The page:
There’s another relic from the past on the beach right here at Anchorsholme, which is clearly visible most of the time. Have you seen the ribs of the shipwreck of the Abana on the beach, opposite Anchorsholme Park?
From Anchorsholme right up to Blackpool North Pier the coastline is flanked by beautiful golden sandy beaches. There are miles and miles of firm sands to walk on, and yes you can walk your dog here too. The sand is firm because these are all tidal beaches which are covered by the sea twice a day.
Central Blackpool – the most Famous of the Fylde Coast beaches
Beyond North Pier at Blackpool you’re back into traditional seaside territory! Between North Pier and Central Pier around Tower Festival Headland is the most ‘seasidey’ bit of them all, not just the most famous of our Fylde Coast beaches, but possibly in the UK!
For a free, fun family day at the beach, you can set up camp with deck chairs and windshields and enjoy building sandcastles to your heart’s content. Have a game of football, play in the pools that form around the legs of the piers, or dam the streams of water. Go for a paddle, have an ice cream, ride a seaside donkey – it’s a great way to make memories.
Quieter beaches to enjoy – and Blue Flags!
Pass Central Pier heading south to South Pier, you’re still in the main resort area but the beach is much quieter here.
Beyond South Pier is the most special of our Fylde Coast beaches. It’s our Blue Flag Beach – and it’s currently the only one in the North West (at the time of writing, in 2018). In this photo you can see works on the beach carried out by United Utilities some years ago to improve bathing waters.
As you would expect, there are restrictions in where you can take your dog on the beach in Blackpool during the months of the summer season.
Blackpool is a home for wildlife too
In contrast to the millions of people who come and go, the beach is a year-round home to a lot of wildlife. The sea wall at South Shore is quite fascinating in this area too.
If you like wildlife and pond dipping you’ll enjoy the rock pools. The revetments opposite the Solaris Centre are made with what’s called ‘sea bees’. They’re hexagonal concrete shapes (see them in the photo above) which are designed to dissipate the energy of the waves. The fringe benefit being that each one becomes a small rock pool when it holds a pocket of water until the next tide.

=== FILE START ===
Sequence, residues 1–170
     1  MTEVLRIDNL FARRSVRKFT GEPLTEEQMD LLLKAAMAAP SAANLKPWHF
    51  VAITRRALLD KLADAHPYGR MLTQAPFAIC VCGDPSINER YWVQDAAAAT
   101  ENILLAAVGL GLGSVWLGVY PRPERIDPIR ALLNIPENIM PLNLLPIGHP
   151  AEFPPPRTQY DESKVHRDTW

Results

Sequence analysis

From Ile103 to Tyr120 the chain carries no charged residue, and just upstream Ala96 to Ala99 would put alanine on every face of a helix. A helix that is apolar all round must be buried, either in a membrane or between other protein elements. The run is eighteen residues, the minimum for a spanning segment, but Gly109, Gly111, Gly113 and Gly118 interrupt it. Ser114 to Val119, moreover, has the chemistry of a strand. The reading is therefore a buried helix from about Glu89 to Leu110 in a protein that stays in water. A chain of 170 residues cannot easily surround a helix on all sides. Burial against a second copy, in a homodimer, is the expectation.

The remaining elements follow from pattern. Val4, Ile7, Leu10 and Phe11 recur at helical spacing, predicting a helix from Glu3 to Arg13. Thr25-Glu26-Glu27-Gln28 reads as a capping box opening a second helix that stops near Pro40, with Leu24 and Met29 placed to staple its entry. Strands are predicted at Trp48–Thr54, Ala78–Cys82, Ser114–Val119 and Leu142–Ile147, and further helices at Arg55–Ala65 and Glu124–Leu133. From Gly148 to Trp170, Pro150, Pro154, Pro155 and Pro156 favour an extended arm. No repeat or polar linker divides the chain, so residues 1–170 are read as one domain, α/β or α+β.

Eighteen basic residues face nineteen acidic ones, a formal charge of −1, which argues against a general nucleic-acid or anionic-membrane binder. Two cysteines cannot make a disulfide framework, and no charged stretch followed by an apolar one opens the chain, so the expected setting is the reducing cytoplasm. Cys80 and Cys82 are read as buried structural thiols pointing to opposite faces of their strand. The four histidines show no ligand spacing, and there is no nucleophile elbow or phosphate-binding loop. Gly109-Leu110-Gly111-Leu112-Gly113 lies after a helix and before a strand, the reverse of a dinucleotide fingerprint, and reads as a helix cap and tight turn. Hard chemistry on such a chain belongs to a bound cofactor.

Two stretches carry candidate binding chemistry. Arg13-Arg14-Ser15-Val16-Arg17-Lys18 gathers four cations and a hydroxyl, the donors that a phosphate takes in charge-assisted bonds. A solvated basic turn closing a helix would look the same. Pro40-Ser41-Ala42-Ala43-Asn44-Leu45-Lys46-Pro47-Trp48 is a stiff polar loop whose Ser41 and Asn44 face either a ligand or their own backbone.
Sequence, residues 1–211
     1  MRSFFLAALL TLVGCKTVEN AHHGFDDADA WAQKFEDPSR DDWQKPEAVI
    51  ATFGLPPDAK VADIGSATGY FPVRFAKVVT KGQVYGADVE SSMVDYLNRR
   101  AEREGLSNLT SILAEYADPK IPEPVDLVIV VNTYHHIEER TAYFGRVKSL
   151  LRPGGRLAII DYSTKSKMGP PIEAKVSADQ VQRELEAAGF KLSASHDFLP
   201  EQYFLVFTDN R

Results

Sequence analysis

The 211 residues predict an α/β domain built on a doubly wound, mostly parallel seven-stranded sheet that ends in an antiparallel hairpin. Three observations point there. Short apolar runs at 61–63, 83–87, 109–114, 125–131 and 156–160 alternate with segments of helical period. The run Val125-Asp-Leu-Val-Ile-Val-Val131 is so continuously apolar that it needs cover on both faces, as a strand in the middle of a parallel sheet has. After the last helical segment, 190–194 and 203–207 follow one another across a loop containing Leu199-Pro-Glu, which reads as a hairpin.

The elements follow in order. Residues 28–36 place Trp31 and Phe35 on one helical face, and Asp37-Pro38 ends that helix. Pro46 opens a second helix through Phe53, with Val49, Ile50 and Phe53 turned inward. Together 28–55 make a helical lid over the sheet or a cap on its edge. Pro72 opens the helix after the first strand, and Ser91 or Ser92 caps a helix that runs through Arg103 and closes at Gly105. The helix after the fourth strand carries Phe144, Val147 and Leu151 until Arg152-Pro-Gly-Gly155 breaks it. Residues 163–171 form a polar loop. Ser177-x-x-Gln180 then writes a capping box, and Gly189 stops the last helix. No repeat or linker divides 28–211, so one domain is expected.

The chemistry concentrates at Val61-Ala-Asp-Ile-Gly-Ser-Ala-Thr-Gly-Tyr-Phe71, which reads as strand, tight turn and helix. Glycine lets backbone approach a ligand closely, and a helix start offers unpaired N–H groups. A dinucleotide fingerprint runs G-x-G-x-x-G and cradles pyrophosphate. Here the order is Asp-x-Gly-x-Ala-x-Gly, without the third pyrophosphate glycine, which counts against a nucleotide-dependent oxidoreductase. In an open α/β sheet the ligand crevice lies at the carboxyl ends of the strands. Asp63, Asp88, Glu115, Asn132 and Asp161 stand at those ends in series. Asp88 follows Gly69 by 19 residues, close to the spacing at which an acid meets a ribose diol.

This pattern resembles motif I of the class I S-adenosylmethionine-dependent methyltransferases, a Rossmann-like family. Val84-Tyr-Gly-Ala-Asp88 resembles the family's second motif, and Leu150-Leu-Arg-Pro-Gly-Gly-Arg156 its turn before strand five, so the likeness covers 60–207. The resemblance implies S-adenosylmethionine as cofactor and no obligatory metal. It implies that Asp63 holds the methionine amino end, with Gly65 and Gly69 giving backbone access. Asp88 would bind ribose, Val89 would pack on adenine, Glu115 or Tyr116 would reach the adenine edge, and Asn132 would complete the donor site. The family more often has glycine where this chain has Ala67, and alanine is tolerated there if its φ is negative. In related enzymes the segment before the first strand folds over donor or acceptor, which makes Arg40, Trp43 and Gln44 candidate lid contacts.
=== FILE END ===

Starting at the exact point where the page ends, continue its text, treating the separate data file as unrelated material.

Keep your eyes peeled and if you’re really lucky you might spot a porpoise or even a dolphin swimming offshore. Seals are frequent visitors too.
There are so many miles of beach at Blackpool that there really is something and somewhere for everyone here.
If you like wildlife and nature this is an amazing place with all kinds of natural things to see. However, please keep to the footpaths and respect the landscape – it’s quite fragile and can easily be damaged by people.
Past the wide enormous sand dunes and St Annes Pier is the main amenity beach, and you’re back to the Great British Seaside!
There’s plenty to do for a fun, family time at St Annes beach. If you’ve got little ones to entertain it’s ideal. They can build sandcastles, dig, play games, run around and have a great time! Spend time with friends and family at the traditional seafront amusements and attractions.
In common with the other main Fylde Coast beaches, there are dog bans in force on the main beach at St Annes.
Along the seafront there are lots of things to see and do between St Annes and Lytham, in the area known as Fairhaven. Explore Fairhaven Lake, the Spitfire memorial and much more. Then you’ll come to Granny’s Bay, a naturally coved beach, against the shore.
The last in our list of Fylde Coast beaches is Lytham.
Lytham’s coastline is at a transition point where the Irish Sea meets the River Ribble (much like where the River Wyre meets the sea at Ferry Beach at Fleetwood). There’s a wide strip of marshy land here between the beach and shore.
It’s covered in specially adapted plants which thrive in a marine environment. They in turn attract a whole host of wildlife and sea birds. Beyond the greenery is miles of sandy beach to enjoy. There’s also a great view of Lytham Green and the windmill.
The tidal range from St Annes along the coastline all the way to Lytham is quite amazing. When the tide goes out, boy does it go out a long way! This means that when it comes in, it comes in really quickly which can be quite dangerous. Please don’t go out too far onto the beach, and always be aware of what the sea is doing.
We hope that you’ve enjoyed our round-up of Fylde Coast beaches. Why don’t you leave a comment below? Have you got anything to add?
While you’re here…
Have a look at the Visit Fylde Coast website homepage for more of the latest updates.
If you love the Fylde Coast you ought to sign up for our weekly email newsletter. It’s packed full of interesting things and will arrive in your inbox all 52 weeks of the year.
Join us on Facebook at our Visit Fylde Coast Facebook Group
Don’t forget to follow us on Twitter @visitFyldeCoast